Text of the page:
A visitor to this site has asked how the manuscript ought to look, and a young writer dropped in this afternoon with a completely unacceptable manuscript: single-spaced, on both side of the paper. So I guess it's time to talk about format.
While your manuscript may look gorgeous to you, to your editor it's just work. Your taste in fonts, layout and punctuation doesn't mean a thing unless your choices make the editor's job easier.
Ideally, she'd probably prefer triple-spaced text, but not many word processors let you do that. So you'll double-space your ms., with no extra space between paragraphs. Paragraphs themselves will be indented about half an inch from the left-hand margin. Margins on all sides will be about an inch to an inch and a half.
You'll number your pages, usually in the upper right-hand corner, with arabic numerals. You may want to include a header with your name and title, on the very unlikely chance that some pages will go astray. Don't bother...or, at most, put your last name in the upper left-hand corner.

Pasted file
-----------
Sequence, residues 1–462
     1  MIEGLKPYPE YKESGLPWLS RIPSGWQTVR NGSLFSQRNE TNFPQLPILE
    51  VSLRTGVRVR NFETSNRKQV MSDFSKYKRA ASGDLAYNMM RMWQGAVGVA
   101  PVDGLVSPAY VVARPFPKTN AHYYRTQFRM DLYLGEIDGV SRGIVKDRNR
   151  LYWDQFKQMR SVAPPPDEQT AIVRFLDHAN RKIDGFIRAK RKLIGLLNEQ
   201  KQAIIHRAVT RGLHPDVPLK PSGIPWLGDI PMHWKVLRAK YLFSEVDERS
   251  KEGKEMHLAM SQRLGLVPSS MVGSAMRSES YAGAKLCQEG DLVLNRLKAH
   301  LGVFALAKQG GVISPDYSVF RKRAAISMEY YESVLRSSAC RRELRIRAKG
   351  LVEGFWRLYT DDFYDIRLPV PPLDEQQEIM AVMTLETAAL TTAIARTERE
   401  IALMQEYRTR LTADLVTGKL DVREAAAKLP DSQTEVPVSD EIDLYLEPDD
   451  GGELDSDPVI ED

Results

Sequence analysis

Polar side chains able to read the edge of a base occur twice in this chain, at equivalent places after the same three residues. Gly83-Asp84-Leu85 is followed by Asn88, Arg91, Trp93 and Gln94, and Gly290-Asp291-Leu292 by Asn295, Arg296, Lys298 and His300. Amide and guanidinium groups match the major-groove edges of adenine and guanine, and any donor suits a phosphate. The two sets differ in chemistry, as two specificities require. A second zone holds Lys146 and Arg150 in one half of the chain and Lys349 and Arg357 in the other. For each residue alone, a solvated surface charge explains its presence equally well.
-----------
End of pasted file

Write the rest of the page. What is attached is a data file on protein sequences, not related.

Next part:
Your paper should be standard 8-1/2 x 11 20-pound white bond, nothing fancy.
You may want a separate title page, but it's not that important. It's a good idea to start each chapter on a new page, so the editor doesn't have to search too hard for it.
The font should be a serif typeface like Times New Roman, 12 or 14 points. Serif text tends to be more readable than sans serif fonts like Arial and Verdana. You won't use bold except perhaps in chapter headings, and you'll use italics sparingly; it's hard to read more than a couple of lines in italics. (Some publishers prefer that you underline text to be set in italics, just like the old typewriter days. If so, do what they ask.)
Many editors prefer not to chase a paragraph between the bottom of one page and the top of the next. You can arrange this by formatting to keep paragraphs together. This may sometimes result in a very deep bottom margin, but if it makes your editor happy, do it.
Don't bother with a right-justified margin. Unless you're using a desktop publishing program, a right-justified margin results in extra-wide spaces between some words. This is annoying and distracting, especially when the spaces create "rivers"—the illusion of long, snaky paths through your text.
Bear in mind that only your editor is likely to see the ms., and once the novel is typeset, the ms. that you suffered over becomes mere "dead matter." Even so, be sure you get it back from the publisher. At some point you'll be able to donate it with the rest of your papers to some university library, and maybe make more in tax deductions from that gift that the novel itself ever earned you.
You can download a manuscript sample here—it's the first two pages of Henderson's Tenants in Word.